The last way to view the exhibit theme of Sense of Place:  HERE is through The Studio Reader which is a collection of essays about how the 21st Century artist studio has changed.  For some artists, the studio is anywhere and everywhere, for others the studio is a specific place a more traditional view of where art is made.  This is the last part of what will inform the judges and curators for the art exhibit Sense of Place:  HERE—the idea of where an artwork belongs and how where it was made might change how it is viewed or even if an artwork was made to be placed in a specific setting.  For the first time we will also consider artworks that have their own Sense of Place:  HERE.


This is the beginning of the exhibit Sense of Place:  HERE.  Since Galaudet Gallery is working with Abbey’s ideas for all their shows in 2018 we leave you with another excerpt from his essay "Desert Images" from Beyond the Wall:





Beyond the Wall

By Edward Abbey

Galaudet Gallery will focus on Abbey’s essay "Desert Images" from Beyond the Wall for Sense of Place: HERE.  Beyond the Wall will inform all of Galaudet Gallery’s curatorial decisions during their art exhibits for 2018 with Abbey’s idea of the "Back of Beyond" being a primary focus in that the curators will create “back of beyond” experiences in their exhibit designs.  A “back of beyond” experience is one which elicits authentic responses to self and art as well as embracing the idea of a wilderness ethic and a chance to know who we are alone, as part of a family as part of a community and as part of this world.


Northern Front

New and Selected Essays

By John Hildebrand

Although the judges will not read Hildebrand’s collection of essays, the curators thought it a good idea to include a writer known to the community the gallery is located within and one who looks into a sense of place and sees a vanishing wilderness and one where this loss may redefine an individual’s senses of where they are and of what their sense of place means.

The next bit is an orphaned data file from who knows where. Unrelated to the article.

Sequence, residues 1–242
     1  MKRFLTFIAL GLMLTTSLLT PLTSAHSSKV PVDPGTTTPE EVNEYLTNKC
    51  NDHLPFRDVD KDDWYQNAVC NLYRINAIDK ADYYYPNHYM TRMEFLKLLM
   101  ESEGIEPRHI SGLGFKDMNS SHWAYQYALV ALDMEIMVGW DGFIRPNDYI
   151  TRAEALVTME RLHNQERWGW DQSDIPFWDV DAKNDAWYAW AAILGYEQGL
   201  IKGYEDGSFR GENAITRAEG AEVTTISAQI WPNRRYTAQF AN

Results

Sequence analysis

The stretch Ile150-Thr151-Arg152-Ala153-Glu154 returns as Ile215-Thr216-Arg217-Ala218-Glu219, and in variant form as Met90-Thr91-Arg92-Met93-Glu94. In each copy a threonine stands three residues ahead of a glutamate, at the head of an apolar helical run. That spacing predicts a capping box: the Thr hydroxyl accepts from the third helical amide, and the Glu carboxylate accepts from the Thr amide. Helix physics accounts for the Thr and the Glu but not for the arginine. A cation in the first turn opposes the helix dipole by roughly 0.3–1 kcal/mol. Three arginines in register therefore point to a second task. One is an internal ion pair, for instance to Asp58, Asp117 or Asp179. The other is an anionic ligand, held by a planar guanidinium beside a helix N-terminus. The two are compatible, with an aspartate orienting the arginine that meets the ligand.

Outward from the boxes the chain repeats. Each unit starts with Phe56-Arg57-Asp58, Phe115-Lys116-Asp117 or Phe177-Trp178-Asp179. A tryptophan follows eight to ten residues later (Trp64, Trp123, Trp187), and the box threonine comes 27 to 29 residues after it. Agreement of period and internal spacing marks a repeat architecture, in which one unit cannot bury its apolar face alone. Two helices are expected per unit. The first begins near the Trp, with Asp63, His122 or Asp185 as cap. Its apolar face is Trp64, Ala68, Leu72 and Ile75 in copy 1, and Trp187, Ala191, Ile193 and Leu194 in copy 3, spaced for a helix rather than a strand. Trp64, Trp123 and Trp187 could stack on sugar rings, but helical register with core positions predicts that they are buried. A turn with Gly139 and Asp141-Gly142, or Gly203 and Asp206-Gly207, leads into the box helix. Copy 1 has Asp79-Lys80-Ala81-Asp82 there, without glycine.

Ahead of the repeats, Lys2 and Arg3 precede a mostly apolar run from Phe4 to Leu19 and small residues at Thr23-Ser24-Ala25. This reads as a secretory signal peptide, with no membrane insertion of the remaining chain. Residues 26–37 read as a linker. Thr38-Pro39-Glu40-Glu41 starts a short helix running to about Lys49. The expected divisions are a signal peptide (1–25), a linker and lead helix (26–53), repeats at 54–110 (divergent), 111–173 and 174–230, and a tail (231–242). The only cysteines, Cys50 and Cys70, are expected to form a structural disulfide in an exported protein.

The Studio Reader

On the Space of Artists

Edited by Mary Jane Jacob and Michelle Grabner

This collection of essays written by both artists and art critics about the artist studio experience in the 21st Century is a thoughtful homage to the traditional artist studio that has been in place for hundreds of years.  Having a dedicated, singular place within which an artist makes artworks for specific purposes is almost as vanished as the wilderness Hildebrand looks for.  In this transition Galaudet Gallery and its curators recognize that a change is underway for the traditional gallery space as only a place where art is sold.  Through the next four years of the art series Sense of Place the gallery and curators will explore this transition in order to assist both art collectors and artists to still meet, barter and enjoy art and make a living as has been the role of the gallery in the past; however, how these exchanges take place is what may be the most changed in future.

They tried (the desert’s) deepest secrets.  Now they have vanished….But the undeciphered message they left us remains, written on the walls.  A message preserved not in mere words but in images of line on stone. We were here.

If “sense of place” implies a particular meaning that can only be decoded after long residence, then I don’t buy it.  A landscape is both a place and an idea of that place.

The most compelling of these is the idea of home.  It’s a strange construct of emotions and allegiances—this story we tell ourselves about where we belong—and the conflict between versions…

The art served as a record.  As practical magic.  And as communication between wanderers…. We were here, say the artists….Perhaps Meaning is not of primary importance.  What is important is the recognition of art, wherever we may discover it, in whatever form. 

Apollo Men’s Magazine, Nagasaki City (2015)

by Greg McLemore


Oil on Arches Oil Paper

The Next Year (2011)

by David Culver

11" X 14"

Acrylic on Canvas board  

The Peas (2018)

by Vicki Milewski

16" X 20"

Acrylic on Canvas

The Phoenix Park Balloon Tree 2  Windswept 2 (2018)

by Vicki Milewski

16" X 20"

Watercolor and Pencil on

Arches Cold Press Watercolor Paper

The Phoenix Park Balloon Tree  (2016)

by Vicki Milewski

16" X 20"

Watercolor and Pencil on

Arches Cold Press Watercolor Paper

Presence (2017)

by Lorraine Ortner-Blake

13” X  30”

Gouache on wood

Inner Strata (2015)

by Erin Schalk

23 ¾” X 11 ¾”

acrylic, wire, and cast paper on wood panel

Abandoned Outwash (2015)

by Erin Schalk

20” X 16 ½”

acrylic and cast paper on wood panel.

ABC Liquor - Day  (2016)

by Natalie Pivoney

5” X 7”

Oil on paper framed and Matted

Delphinium 3 (2018)

by Pio Valenzuela

14" X 12"

Digital Photography

Pripyat, Ukraine Collection Ring  (2017)

by Cory O’Brien

US Size 7

Mixed Media Jewelry

Pripyat, Ukraine Collection Bracelet   (2017)

by Cory O’Brien

4” X 6”

Mixed Media Jewelry

Pripyat, Ukraine Collection Brooch   (2017)

by Cory O’Brien

4” X 2 ½”

Mixed Media Jewelry

The Homework Hour (2016)

by Ken Minami

31 ½” X 23 ½”

Oil Paint on Linen

Rusted in Time (2016) (detail)

by Jill Valenzuela

46" x 19"

Mixed Media

Galaudet Gallery